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Petraeus revelation began as cyber-harassment probe; investigation ended 4 days before election

Officials say the FBI investigation into David Petraeus was triggered  by a complaint from a family friend into emails sent by his biographer Paula Broadwell. NBC's Andrea Mitchell reports.

After investigating a potential case of "cyber-harassment" for several months, the FBI wrapped up its case after interviewing Paula Broadwell -- the biographer of former CIA director David Petraeus -- on Friday, Nov. 2, four days before the presidential election, a senior U.S. law enforcement official told NBC News.

It was the second time that FBI agents had questioned Broadwell in the probe and during both interviews she acknowledged having had an affair with Petraeus, the official said. Petraeus himself had been questioned a few days earlier and also acknowledged the affair, the first official said.

The dual interviews the week of Oct. 29 -- among the last to be conducted by the FBI in the case -- allowed the FBI to formally conclude there was no basis for criminal charges in the matter. This explains why the Director of National Intelligence James Clapper wasn't told about the probe until the following Tuesday, Nov. 6, election day, the official said.

The official offered new details about the FBI investigation -- and a more precise timeline of key events-- in order to rebut suggestions that senior law enforcement officials held back key information about the Petraeus matter until after the election.

The FBI and Justice Department's decisions on the case were not governed by the political calendar, the official asserted. Nor, the official said, were they influenced by a phone call from House Majority Leader Eric Cantor's office to the FBI on Oct. 31 asserting that it had heard from a FBI whistleblower who raised concerns that the Petraeus matter was being covered up or not being taken seriously.

Lawmakers question timing of Petraeus resignation

"I was contacted by an FBI employee concerned that sensitive, classified information may have been compromised and made certain (FBI Director Robert) Mueller was aware of these serious allegations and the potential risk to our national security,” Cantor said in a statement.

According to reporting by NBC’s chief justice correspondent Pete Williams, a senior law enforcement official said a call to a congressional staffer came from an agent who was initially involved in the investigation but who was later removed from the case because he knew an associate of one of the people being investigated.  The agent knew someone on the Hill and called that person, a Republican staffer, according to the official. But that phone call had no effect on either the course of the investigation, the involvement of Mueller -- who was following it closely long before Cantor called him -- or the decision to notify Clapper, the official says.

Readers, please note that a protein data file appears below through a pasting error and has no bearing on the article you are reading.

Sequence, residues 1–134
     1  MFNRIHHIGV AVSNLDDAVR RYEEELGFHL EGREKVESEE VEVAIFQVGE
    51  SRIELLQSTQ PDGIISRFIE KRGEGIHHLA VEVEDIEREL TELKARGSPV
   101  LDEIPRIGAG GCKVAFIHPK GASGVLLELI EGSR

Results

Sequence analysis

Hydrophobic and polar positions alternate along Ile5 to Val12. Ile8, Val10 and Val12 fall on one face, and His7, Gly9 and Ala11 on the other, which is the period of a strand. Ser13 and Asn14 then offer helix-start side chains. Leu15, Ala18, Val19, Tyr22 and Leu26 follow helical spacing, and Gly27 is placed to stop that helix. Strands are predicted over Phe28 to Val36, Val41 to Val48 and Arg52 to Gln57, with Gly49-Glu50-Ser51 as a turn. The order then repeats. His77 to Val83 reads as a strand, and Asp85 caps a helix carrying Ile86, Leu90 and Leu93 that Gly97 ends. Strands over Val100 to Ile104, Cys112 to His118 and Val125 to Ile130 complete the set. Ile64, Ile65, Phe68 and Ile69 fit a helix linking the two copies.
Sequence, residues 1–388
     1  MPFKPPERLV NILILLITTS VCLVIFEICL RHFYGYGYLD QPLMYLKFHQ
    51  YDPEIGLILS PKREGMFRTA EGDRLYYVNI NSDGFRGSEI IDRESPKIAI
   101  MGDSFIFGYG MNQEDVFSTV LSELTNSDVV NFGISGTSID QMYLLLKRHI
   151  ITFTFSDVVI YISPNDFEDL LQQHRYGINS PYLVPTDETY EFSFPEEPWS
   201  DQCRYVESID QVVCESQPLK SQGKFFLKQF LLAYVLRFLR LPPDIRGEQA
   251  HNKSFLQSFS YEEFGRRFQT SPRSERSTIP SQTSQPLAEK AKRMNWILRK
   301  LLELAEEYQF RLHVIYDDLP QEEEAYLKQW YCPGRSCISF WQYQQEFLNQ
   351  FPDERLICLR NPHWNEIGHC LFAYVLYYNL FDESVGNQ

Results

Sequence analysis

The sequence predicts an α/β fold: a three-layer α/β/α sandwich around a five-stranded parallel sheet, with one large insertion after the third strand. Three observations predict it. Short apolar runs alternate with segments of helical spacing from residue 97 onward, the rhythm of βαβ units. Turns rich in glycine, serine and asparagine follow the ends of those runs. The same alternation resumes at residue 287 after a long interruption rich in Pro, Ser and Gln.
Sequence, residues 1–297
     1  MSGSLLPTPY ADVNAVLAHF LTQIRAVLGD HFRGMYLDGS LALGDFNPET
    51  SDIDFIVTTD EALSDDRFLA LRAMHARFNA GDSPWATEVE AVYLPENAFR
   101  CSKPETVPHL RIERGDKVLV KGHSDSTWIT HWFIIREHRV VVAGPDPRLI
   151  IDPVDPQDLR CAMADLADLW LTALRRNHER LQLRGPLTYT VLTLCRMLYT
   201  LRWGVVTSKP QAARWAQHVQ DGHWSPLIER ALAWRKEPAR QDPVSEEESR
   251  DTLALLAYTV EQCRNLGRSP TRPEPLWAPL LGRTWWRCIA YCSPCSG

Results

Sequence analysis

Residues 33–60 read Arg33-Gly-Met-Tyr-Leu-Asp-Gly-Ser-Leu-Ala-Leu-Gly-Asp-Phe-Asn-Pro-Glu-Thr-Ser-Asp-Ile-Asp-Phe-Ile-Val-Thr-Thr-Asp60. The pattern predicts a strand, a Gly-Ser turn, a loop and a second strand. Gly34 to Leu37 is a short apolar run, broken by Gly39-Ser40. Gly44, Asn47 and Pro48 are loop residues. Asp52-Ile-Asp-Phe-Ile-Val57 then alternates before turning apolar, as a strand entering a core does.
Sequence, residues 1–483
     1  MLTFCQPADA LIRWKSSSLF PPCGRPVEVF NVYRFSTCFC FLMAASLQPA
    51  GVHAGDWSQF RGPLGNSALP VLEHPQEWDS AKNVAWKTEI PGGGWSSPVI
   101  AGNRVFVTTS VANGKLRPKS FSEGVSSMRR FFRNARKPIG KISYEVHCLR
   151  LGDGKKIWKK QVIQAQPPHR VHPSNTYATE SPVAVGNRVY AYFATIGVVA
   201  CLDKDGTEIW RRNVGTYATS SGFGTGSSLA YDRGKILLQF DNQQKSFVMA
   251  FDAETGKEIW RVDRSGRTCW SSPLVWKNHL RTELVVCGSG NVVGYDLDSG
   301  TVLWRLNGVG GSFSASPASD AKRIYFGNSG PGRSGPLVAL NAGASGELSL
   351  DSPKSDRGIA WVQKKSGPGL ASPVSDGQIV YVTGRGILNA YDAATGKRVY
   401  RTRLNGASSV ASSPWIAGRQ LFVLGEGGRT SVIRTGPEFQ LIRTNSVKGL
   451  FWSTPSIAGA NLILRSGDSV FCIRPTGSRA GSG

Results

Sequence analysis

"This had nothing to do with the election," the official said. Moreover the official added, Cantor's office was told that the case was being actively investigated by the FBI when it raised the matter on Oct. 31, and so it would have been wrong for the FBI or Justice Department to inform higher level officials in the administration about the probe earlier -- because they were unsure at that point what they were dealing with. In the end, according to multiple officials, investigators determined there was no criminal wrongdoing.

The woman who complained of being harassed by Paula Broadwell, General David Petraeus' biographer, has been identified as Jill Kelley, 37, a senior official tells NBC News. NBC's Kristen Welker reports.

According to the senior official, the investigation began several months ago when a woman reported to the FBI she had received anonymous-- and harassing -- emails from a person she didn't know. Multiple government officials tell NBC News that the woman was Jill Kelley, who lives in Tampa, Florida. Kelley and her husband, officials say, are close friends of the Petraeus family. Kelley was a volunteer social liaison to the MacDill Air Force Base in Tampa.

The FBI viewed the matter as a potential case of "cyber-harassment" and it was handled "regionally" with federal prosecutors working with the FBI on the matter, the official said. At first, neither Kelley nor the FBI knew who was sending the harassing emails-- because they came from accounts that were not immediately identifiable. But the FBI was eventually able to determine they came from Broadwell and then obtained access to her regular email account. It was only then that the FBI discovered, through her email exchanges with Petraeus, an apparent relationship between the two of them, the official said.

The FBI continued investigating the matter and was close to wrapping up the case late in October, the official said. Agents finally interviewed Petraeus the week of Oct. 29 and then re-interviewed Broadwell, allowing them to complete their investigation, according to multiple officials. It was only at that point that the decision was made to pass along information about the case to Clapper, the senior law enforcement official said, setting in motion the chain of events that led to Petraeus' resignation.

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NBC's Kristen Welker contributed to this report.